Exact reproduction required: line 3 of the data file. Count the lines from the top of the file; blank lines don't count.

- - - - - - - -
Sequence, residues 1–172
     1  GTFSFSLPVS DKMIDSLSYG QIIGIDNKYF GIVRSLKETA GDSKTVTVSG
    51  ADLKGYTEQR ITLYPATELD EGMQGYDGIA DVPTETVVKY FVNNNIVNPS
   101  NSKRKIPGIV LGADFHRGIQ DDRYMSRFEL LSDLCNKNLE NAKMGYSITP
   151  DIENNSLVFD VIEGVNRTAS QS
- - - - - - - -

    51  ADLKGYTEQR ITLYPATELD EGMQGYDGIA DVPTETVVKY FVNNNIVNPS